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Black Hole Temperature

  1. Dec 4, 2011 #1
    Ok so first I know that this equation was presented by Stephen Hawking to describe to Temperature of a black hole:

    T = hc2 / 16∏2GMk

    so I did the calculations and got that the temperature of a black hole with the mass of our sun would be ≈ .57°

    Is this right? Is this the right equation?

    Here is what I used for the variables can you guys check if these are correct?:

    g = 6.67*10^-11

    h = 62606956*10^-34

    k = 1.3806583*10^-23

    and then just the mass of our sun and the speed of light

  2. jcsd
  3. Dec 4, 2011 #2


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    I'm getting closer to 10-16 °K, so a Black Hole Sun would evaporate very slowly, unlike the Soundgarden video.
  4. Dec 5, 2011 #3


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    Looks like you missed a factor of the speed of light in your equation. Should be:

    [tex]T = {h c^3 \over 16\pi^2 GMk}[/tex]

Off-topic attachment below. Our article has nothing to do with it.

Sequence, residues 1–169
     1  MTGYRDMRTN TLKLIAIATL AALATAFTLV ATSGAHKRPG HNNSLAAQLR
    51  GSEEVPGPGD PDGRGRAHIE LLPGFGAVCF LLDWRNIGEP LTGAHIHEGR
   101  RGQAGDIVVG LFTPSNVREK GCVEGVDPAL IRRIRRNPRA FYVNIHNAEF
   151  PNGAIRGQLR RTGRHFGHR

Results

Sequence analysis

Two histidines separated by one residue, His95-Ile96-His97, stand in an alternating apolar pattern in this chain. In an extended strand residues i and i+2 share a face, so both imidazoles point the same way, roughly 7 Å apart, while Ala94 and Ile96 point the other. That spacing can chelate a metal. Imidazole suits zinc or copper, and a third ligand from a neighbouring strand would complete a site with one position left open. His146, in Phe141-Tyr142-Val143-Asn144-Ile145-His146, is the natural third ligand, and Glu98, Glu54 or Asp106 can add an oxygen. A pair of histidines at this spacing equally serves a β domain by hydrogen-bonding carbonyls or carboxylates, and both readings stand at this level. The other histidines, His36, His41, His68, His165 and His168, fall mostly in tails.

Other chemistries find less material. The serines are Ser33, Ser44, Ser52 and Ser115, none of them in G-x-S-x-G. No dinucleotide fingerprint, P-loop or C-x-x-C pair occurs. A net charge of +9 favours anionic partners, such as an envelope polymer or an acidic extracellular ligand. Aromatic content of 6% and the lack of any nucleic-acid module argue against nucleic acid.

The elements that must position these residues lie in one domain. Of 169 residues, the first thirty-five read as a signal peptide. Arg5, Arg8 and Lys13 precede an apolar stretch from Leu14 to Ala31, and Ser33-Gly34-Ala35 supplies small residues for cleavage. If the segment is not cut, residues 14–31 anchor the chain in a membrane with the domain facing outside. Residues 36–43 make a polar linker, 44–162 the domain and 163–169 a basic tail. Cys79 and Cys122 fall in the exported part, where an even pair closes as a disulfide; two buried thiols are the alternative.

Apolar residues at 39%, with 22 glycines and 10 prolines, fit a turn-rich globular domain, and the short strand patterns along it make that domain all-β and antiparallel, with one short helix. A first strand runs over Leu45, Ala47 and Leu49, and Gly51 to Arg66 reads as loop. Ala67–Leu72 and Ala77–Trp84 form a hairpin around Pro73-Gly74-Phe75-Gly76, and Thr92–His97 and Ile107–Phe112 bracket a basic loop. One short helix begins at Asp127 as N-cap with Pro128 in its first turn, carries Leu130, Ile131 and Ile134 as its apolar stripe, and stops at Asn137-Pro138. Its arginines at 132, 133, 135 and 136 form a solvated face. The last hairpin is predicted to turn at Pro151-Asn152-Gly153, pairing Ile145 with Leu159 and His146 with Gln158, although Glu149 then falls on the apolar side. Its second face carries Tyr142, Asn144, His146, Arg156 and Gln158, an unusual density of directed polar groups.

Anyway, the easiest way to calculate these things is to just plug them into Google. The Google calculator knows about units, fundamental constants, and a lot of common values, so you can simply type in:

    h*c^3/(16*pi^2*G*(mass of sun)*k)

    ...to Google, and it will give you the right result (about 10^-8 K).

    Oh, and there's also a nifty calculator for all of the values related to a black hole:
  5. Dec 5, 2011 #4


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    Shouldn't that be [tex]\hbar c^3 / 8 \pi GMk[/tex] or did I miss something?
  6. Dec 5, 2011 #5


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    It's just a difference of whether to use [itex]h[/itex] or [itex]\hbar[/itex] :)
  7. Dec 5, 2011 #6


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    My error, I am so accustomed to hbar I overlooked the obvious equivalence.
  8. Dec 13, 2011 #7
    Thanks for your help guys! And thanks Chalnoth for the calculator and link :)
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